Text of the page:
rules of Allah.
Exam tip
This question asks you to consider a range of
viewpoints about the given statement. Before you start
writing your answer, think about what different people
might say – would they agree or disagree? What reason
might they give? Make sure you include a Muslim view
in your answer.
23
1 Muslim beliefs
Activities
3 ‘We should make the most of life now and not worry about the future.’
Create a table of arguments agreeing and disagreeing with this
statement. Discuss them with a partner and debate which side of the
argument you think is strongest and why.
Extend your knowledge
DR
AF
T
There are differences between Sunni and Shi’a acceptance of the idea of
al-Qadr. Sunni Muslims hold it to be true and this can be seen by the fact
they show its importance by having it as one of the Six Beliefs in Sunni
Islam. In contrast, Shi’a Muslims reject the idea of predestination. This
is further reinforced by acceptance of the Shi’a concept of Bada’, which
states that God has not set a definite course for humans.
Summary
•• Al-Qadr is the Islamic belief in predestination – that Allah controls everything.
•• Every aspect of being a Muslim follows the idea of submission to Allah.
•• Muslims believe that al-Qadr and human free will do not contradict each other but work together.
•• Belief in al-Qadr will affect the daily life of a Muslim in how they act and behave.
Check point
Strengthen
S1 Why do Muslims feel that a belief in al-Qadr is important?
S2 How do you think the quotes in the Sacred Texts box reflect the idea of al-Qadr?
S3 Why do Muslims believe that al-Qadr and human freedom can work together?
Challenge
C1 In your own words, explain what you think a Muslim can learn from a belief in al-Qadr.
C2 How might a belief in al-Qadr impact on humans living in the modern world?
C3 Why might many people not accept the belief of predestination?
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Akhirah: life after death
1.8 Akhirah: life after death
Learning objectives:
•• To explore Muslim teachings about life after death.
•• To understand the nature of judgement, paradise and hell, and how they are seen in the Qur’an.
•• To consider how Muslim teachings about life after death affect the life of a Muslim.
Islam and Akhirah
Life on earth – this is a test.
T
Belief in life after death is fundamental to Islam. It features in both the
Sunni Six Beliefs and Shi’a Five Roots of ‘Usul ad-Din. Muslims believe life
on earth is only part of human existence, as it continues after death. Life
on earth is our chance to live good lives as Allah intended or to choose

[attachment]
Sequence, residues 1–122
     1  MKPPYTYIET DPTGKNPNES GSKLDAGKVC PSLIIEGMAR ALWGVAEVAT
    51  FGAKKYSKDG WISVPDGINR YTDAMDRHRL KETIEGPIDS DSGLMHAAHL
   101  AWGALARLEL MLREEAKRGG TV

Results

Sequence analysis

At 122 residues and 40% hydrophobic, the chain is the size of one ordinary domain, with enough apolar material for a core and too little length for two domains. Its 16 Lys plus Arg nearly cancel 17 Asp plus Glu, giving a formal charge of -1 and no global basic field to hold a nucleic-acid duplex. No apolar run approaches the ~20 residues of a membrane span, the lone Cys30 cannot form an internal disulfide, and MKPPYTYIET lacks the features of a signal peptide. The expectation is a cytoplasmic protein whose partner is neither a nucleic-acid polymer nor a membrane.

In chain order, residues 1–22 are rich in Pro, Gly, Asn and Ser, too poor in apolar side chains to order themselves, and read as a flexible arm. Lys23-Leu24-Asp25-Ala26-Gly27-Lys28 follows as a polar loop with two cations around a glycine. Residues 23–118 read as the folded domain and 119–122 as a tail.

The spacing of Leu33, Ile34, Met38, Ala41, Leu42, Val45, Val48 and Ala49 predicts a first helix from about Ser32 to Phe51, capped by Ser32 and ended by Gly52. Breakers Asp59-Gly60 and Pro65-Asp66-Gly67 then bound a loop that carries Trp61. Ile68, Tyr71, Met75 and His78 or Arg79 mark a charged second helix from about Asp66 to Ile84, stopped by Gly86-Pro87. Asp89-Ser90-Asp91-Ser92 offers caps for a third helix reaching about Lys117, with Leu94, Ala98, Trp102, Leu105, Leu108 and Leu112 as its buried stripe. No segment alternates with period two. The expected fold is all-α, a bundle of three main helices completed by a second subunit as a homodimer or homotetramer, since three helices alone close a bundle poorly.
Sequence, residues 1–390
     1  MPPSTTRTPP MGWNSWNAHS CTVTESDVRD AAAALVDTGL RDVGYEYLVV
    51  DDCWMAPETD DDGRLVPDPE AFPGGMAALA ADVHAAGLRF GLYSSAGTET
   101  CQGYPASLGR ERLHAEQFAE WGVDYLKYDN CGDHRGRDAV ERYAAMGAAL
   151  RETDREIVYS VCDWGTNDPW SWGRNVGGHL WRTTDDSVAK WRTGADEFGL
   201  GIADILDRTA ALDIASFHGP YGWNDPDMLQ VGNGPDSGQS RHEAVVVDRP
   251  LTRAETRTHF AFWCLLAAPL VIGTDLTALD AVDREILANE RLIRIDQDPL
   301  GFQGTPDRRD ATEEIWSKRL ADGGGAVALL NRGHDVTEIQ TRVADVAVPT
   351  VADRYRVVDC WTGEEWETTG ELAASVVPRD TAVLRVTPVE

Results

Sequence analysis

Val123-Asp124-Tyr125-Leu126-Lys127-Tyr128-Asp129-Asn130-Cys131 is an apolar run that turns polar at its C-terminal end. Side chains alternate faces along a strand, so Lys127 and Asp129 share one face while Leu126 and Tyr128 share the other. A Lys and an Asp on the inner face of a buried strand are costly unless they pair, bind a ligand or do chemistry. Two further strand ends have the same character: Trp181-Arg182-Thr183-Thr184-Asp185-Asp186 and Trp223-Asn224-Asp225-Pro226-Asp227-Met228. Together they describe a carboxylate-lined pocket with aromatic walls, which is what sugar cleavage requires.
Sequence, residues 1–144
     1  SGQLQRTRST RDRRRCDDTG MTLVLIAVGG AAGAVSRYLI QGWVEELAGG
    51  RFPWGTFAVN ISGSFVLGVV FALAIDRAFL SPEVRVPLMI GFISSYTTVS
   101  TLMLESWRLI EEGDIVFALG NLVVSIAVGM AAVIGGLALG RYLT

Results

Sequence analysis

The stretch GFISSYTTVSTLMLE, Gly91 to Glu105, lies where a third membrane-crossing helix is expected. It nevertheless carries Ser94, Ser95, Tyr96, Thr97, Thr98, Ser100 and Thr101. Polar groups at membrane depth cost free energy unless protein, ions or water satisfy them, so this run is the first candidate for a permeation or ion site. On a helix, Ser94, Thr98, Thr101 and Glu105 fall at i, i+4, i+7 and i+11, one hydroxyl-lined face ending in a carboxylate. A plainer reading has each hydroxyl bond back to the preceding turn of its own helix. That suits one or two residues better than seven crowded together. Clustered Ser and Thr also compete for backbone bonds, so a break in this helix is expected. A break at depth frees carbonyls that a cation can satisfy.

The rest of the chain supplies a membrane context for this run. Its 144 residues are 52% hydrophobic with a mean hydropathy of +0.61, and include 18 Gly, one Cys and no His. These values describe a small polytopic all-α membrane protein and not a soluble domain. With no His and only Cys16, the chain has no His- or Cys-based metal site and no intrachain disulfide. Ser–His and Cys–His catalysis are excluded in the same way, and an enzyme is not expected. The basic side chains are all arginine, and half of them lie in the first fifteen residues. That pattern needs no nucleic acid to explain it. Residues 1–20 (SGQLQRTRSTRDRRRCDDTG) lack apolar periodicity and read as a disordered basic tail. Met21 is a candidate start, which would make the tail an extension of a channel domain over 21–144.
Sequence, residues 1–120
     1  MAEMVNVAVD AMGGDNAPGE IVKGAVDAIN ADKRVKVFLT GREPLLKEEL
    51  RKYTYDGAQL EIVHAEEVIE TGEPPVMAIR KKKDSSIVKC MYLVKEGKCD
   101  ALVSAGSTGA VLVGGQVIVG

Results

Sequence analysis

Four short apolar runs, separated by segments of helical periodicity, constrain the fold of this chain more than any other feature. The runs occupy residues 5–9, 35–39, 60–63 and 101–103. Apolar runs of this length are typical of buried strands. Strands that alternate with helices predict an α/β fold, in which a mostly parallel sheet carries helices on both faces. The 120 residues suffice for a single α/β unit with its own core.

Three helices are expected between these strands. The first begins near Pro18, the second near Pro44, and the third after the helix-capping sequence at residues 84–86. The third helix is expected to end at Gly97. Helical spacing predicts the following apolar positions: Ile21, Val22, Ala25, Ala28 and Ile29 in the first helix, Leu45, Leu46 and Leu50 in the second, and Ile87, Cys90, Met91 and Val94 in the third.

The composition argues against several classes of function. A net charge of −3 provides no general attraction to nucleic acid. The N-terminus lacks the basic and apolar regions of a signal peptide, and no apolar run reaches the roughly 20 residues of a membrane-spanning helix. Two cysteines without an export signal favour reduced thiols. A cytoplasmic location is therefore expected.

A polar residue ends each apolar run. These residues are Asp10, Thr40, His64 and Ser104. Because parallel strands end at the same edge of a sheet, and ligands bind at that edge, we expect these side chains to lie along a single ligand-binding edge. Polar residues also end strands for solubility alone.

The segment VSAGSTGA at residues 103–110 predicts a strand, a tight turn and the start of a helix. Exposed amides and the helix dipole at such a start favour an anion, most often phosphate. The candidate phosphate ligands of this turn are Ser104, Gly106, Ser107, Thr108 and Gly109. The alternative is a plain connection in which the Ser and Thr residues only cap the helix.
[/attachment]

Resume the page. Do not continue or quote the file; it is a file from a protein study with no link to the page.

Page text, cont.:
to turn our back on Allah and his laws. Muslims believe that after death,
every human will be called to answer for the way they have lived their life,
and that this will affect their afterlife, determining whether they will be
rewarded or punished. Muslims accept belief in Akhirah because it was
promised by Allah, and they believe he never breaks his promises.
Death
DR
AF
Barzakh – a place where
souls go after death to wait.
Muslims believe that at each person’s death, two angels will visit them and
record their good and bad deeds, to decide whether they are fit to enter
paradise. The angels are believed to ask questions such as, ‘Who is your
god?’, ‘What is your religion?’ and ‘Who is your prophet?’ How a person
answers these questions will determine their future life in the afterlife
alongside how they acted in their life on earth. They believe that there will
be a Day of Judgement, when there will be a complete resurrection of the
body and all deeds will be judged by Allah. Prior to this day, they believe
that the souls of the dead will go to Barzakh, which is understood as a
barrier between the physical and spiritual worlds, where they will wait until
the Day of Judgement.
Muslims believe that those who succeed in the test on the Day of Judgement
will be rewarded with paradise – al-Jannah – whilst those who fail will suffer
in hell – Jahannam.
What does the Qur’an say?
The Qur’an offers vivid images of life after death. It talks of the end of the
world being where stars will scatter, mountains tumble, oceans boil over
and the dead will be raised from their tombs. Good and bad deeds will
be weighed and each person will have to face Allah. Paradise and hell are
described in the Qur’an as physical states, although many Muslims believe
that this is symbolic, because eternal life is beyond human understanding.
Al-Jannah
Al-Jannah, or paradise, is described in the Qur’an as a wonderful garden.